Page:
WASHINGTON — Eastern Shipbuilding Group is escalating its ongoing dispute with the US Coast Guard over a $3.3 billion shipbuilding contract, opting to pursue its case in court rather than protesting through a government watchdog.
“The federal procurement process is designed to be fair and transparent,” Joey D’Isernia, the company’s president said in a statement to Breaking Defense on Wednesday night. “Ordinarily, the government discloses reasonable justification for its award decisions to the attorneys representing the parties in a protest. The government has declined to voluntarily disclose the information that might offer that justification. As a result, we are seeking the information and justification through a different legal pathway.”
In response to questions from Breaking Defense, a company spokesperson confirmed ESG will pursue a case in the US Court of Federal Claims “to seek the disclosure materials that have been withheld by the USCG in the GAO protest.”
At issue is the second stage of the Coast Guard’s Offshore Patrol Cutter program, a highly-contested shipbuilding contract that went to Austal USA in late June. The program includes construction for up to 11 Heritage-class vessels and is one of the service’s highest acquisition priorities, alongside the Polar Security Cutter. The new cutters will be core to the the fleet and tasked with a variety of missions both on the high seas and coastal areas.
Not long after Austal was declared the winner, Eastern Shipbuilding Group, a Florida-based company that previously won work on the OPC program, filed a bid protest with GAO, citing an “unfair competitive advantage and conflict” among a list of other issues. Taking the Coast Guard to the Court of Federal Claims, the federal court that deals with monetary lawsuits against the government, is the company’s latest effort to find a way to overturn the Coast Guard’s decision.
The Court of Federal Claims “is not an appeal, but a new proceeding challenging the agency’s procurement award decision, independent of the GAO protest (though GAO protest documents will become part of the record at the court),” the company spokesperson told Breaking Defense.
When asked to comment on Eastern Shipbuilding’s statements, a Coast Guard spokesperson told Breaking Defense, “The Coast Guard is focused on proceeding with Austal USA on detail and design work to support future production of OPCs. The Coast Guard does not speculate on potential litigation.”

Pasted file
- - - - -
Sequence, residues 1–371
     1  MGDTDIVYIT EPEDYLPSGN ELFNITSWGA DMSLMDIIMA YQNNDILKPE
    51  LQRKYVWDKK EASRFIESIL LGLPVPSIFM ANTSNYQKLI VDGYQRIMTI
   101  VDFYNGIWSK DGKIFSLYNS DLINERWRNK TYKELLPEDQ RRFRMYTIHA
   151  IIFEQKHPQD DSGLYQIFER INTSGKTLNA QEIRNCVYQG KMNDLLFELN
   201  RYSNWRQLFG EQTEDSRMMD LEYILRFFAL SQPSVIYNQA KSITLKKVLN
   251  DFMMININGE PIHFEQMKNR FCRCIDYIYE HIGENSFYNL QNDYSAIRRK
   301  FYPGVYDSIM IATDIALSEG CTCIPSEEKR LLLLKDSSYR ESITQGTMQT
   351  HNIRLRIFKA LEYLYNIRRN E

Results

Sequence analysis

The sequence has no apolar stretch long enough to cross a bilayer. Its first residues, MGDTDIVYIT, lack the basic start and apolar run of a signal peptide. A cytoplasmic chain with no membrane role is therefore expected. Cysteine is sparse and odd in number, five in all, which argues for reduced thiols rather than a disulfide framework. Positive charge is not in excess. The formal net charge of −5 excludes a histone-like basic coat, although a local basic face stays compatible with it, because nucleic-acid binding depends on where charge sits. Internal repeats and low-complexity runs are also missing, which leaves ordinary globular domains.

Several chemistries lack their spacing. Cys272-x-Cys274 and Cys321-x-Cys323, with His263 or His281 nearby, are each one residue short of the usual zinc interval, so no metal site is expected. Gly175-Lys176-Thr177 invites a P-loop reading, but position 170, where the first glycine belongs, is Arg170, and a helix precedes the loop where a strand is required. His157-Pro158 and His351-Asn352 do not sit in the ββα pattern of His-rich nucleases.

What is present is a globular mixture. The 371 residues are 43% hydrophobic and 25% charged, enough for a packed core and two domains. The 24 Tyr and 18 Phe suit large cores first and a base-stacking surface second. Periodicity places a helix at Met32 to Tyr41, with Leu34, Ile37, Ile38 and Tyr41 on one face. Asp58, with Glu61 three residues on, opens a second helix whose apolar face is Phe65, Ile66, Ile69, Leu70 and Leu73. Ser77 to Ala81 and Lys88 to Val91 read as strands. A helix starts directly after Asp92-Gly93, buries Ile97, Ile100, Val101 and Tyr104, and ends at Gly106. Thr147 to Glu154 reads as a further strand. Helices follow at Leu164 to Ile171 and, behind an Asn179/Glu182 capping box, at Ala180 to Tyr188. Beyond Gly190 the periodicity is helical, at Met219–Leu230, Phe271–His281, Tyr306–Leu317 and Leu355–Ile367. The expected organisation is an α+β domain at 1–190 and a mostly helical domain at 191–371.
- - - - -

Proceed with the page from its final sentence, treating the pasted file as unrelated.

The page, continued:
The escalation from GAO’s bid protest process to the courts is significant. GAO is a respected arbiter among both federal agencies and industry, but it cannot compel the executive branch to act. The reason most agencies will cooperate with GAO on a voluntary basis is because the watchdog also receives a great deal of respect from Congress. (The Florida delegation has already shown it is willing to go to the mat for Eastern Shipbuilding on this contract.)
Bringing its case to federal court has several implications for both the Coast Guard and Eastern Shipbuilding. The first is that, no matter what happens, both the company and service will be bound to abide by the court’s rulings — a decision-making power GAO lacks.
Another issue is optics: industry often pursues GAO bid protests rather than lawsuits because they are more discrete and usually lack the attention — and potential bad feelings — associated with suing the customer.
Lastly, the shipbuilding program itself could face schedule problems as a result of the lawsuit. Most GAO bid protests only take a few months to resolve and program offices know they may need to stop work on a contract while the protest is adjudicated.
Lawsuits, on the other hand, can take much longer depending on the case’s details, the court’s docket and the need to allow either party to exhaust the appeals process. And, depending on what remedies ESG seeks, the courts could impose limitations on the Coast Guard’s ability to advance construction while the litigation is underway.